Steady increase in heart disease among younger women ages 35 to 44

Heart disease is on the rise among younger women even surpassing the number of men who have died of cardiovascular health problems in each of the last 25 years.  The following article provides great tips regarding how to recognize and address problems specifically for women.  This includes knowing your  C-Reactive Protein (CRP) levels which are a measure of inflammation and risk of cardiovascular disease.  The CRP test is a simple blood test that when combined with lipid profile (cholesterol test)levels gives you a powerful tool to manage cardiovascular health.

How to recognize heart attack symptoms in younger women

NewYork-Presbyterian Hospital/Weill Cornell Medical Center:  January 29, 2010

 The risk for heart-related death is increasing in young adults ages 35 to 54, and the numbers are even more alarming for younger women. It is the number-one cause of death for both men and women in the United States, yet every year since 1984 more women have died of cardiovascular health problems than men, according to the American Heart Association.

“Although there has been a general decline in deaths caused by heart disease, the last decade has seen a steady increase among younger women ages 35 to 44. Women account for more than 50 percent of deaths due to heart disease,” says Dr. Holly Andersen, the director of education and outreach for the Ronald O. Perelman Heart Institute at NewYork-Presbyterian Hospital/Weill Cornell Medical Center.

Dr. Andersen offers the following advice to women the following advice on how to stay healthy, know their risk factors, and get the best medical treatments to take better care of their hearts.

* Enjoy yourself. Eat right, attempt to get a good night’s sleep, practice stress reduction, and have some fun — all have been shown to lower the risk of heart disease.

* Know the warning signs of an attack. Women may not always experience the typical crushing chest pain that is associated with a heart attack. Many women have symptoms that include neck, shoulder and abdominal pain; some may also have nausea, vomiting, fatigue and shortness of breath, along with chest pain.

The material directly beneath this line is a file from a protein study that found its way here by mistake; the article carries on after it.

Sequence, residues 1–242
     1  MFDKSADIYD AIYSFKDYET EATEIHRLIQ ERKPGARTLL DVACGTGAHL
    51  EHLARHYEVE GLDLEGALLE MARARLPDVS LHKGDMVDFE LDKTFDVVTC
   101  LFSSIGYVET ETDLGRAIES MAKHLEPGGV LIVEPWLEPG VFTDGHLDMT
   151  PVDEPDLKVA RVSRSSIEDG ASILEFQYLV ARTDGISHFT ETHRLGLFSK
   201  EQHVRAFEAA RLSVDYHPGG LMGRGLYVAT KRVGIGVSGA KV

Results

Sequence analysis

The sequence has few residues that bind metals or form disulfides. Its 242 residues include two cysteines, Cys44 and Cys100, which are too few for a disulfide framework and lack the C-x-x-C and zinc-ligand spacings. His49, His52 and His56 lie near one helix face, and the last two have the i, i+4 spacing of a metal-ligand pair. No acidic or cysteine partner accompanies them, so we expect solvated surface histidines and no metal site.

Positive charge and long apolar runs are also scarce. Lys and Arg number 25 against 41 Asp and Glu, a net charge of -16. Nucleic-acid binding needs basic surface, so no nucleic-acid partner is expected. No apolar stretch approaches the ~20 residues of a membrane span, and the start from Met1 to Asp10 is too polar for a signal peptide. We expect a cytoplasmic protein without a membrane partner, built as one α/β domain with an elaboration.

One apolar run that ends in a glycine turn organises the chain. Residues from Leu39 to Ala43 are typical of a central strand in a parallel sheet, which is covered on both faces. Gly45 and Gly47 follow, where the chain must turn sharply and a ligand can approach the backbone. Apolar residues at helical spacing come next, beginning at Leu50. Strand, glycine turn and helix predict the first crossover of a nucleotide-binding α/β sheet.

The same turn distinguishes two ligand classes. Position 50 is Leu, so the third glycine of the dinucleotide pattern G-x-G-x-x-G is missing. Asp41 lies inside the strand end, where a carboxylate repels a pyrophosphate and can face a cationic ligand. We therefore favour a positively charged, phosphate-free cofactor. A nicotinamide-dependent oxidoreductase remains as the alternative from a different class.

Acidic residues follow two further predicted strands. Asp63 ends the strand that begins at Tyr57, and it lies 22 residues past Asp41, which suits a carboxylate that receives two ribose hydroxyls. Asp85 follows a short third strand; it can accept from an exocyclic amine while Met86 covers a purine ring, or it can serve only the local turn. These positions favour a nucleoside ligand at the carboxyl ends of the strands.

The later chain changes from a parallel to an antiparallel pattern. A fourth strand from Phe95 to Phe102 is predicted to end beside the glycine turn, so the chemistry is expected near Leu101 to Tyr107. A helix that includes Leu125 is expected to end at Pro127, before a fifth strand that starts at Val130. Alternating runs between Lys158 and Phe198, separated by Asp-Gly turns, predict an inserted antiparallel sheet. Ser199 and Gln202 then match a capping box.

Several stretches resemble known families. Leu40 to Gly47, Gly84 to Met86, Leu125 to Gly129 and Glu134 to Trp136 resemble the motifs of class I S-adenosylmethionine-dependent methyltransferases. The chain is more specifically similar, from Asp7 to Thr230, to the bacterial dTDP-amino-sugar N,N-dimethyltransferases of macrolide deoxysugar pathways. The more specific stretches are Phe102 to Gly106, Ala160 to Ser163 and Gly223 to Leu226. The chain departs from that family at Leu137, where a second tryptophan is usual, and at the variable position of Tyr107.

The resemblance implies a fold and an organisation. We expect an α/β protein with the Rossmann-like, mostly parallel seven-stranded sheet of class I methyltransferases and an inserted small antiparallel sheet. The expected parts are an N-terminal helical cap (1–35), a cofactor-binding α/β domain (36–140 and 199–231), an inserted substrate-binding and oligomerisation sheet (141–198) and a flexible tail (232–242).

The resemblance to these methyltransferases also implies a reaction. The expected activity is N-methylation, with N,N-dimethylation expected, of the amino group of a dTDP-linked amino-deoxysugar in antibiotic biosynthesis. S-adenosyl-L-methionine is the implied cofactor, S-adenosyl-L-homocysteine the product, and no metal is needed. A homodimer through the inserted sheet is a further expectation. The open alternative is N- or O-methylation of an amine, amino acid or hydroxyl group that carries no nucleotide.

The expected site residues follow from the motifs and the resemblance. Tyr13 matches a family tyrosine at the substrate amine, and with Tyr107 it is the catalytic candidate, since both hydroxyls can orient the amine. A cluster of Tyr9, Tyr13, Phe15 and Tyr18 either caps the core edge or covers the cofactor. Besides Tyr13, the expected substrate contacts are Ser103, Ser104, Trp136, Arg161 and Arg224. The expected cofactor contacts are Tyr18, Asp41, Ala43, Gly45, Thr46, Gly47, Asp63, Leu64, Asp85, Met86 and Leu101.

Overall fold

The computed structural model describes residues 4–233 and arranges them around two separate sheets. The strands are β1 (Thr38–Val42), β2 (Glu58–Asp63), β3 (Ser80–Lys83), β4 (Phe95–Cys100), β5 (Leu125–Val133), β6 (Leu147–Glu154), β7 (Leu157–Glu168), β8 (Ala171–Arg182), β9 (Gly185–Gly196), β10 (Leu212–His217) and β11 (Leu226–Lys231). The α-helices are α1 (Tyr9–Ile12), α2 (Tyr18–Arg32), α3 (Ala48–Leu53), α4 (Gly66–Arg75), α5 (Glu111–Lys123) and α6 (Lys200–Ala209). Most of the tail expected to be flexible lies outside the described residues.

* Test for the silent attack. Some women feel no pain at all and experience what is known as a “silent heart attack.” Silent heart attacks lead to long-term shortage of blood and oxygen flow to the heart. If you are a post-menopausal woman and have at least three risk factors for heart disease you should ask your doctor for a cardiac stress test to determine if you have experienced this type of attack and permanent damage.

* Know your risk factors. Your risk of having a heart attack greatly increases if you are obese/overweight, a smoker, have high cholesterol and/or diabetes. There are also several risk factors that are of particular importance to women:

o Smoking greatly increases the risk of heart attack for women under the age of 45. The combination of smoking and birth control pills increases a woman’s risk by at least 20-fold.

o High C-Reactive Protein (CRP) levels are a marker of inflammation that has been shown to be an independent risk factor for cardiovascular risk. Ask your doctor to check your level with a simple blood test.

o Experiencing complications during pregnancy can be an indicator of future cardiovascular disease for moms. Women who have had preeclampsia, gestational diabetes or delivered low-birth-weight babies should aggressively manage all risk factors for heart disease.

o According to the American Heart Association, low-levels of good cholesterol (HDL) are a stronger predictor of heart disease death in women than in men over 65.

* Call 911. Anyone who thinks they are having a heart attack should dial 911 immediately. Emergency medical teams can begin to treat patients before they arrive at the hospital and save precious time that is often lost when patients try to drive themselves to the emergency room.

* Get an EKG. Once a woman does arrive in the emergency room it is important to ask for an EKG test or an enzyme blood test to check for a heart attack, since medical professionals may attribute a woman’s symptoms to other health conditions such as indigestion.

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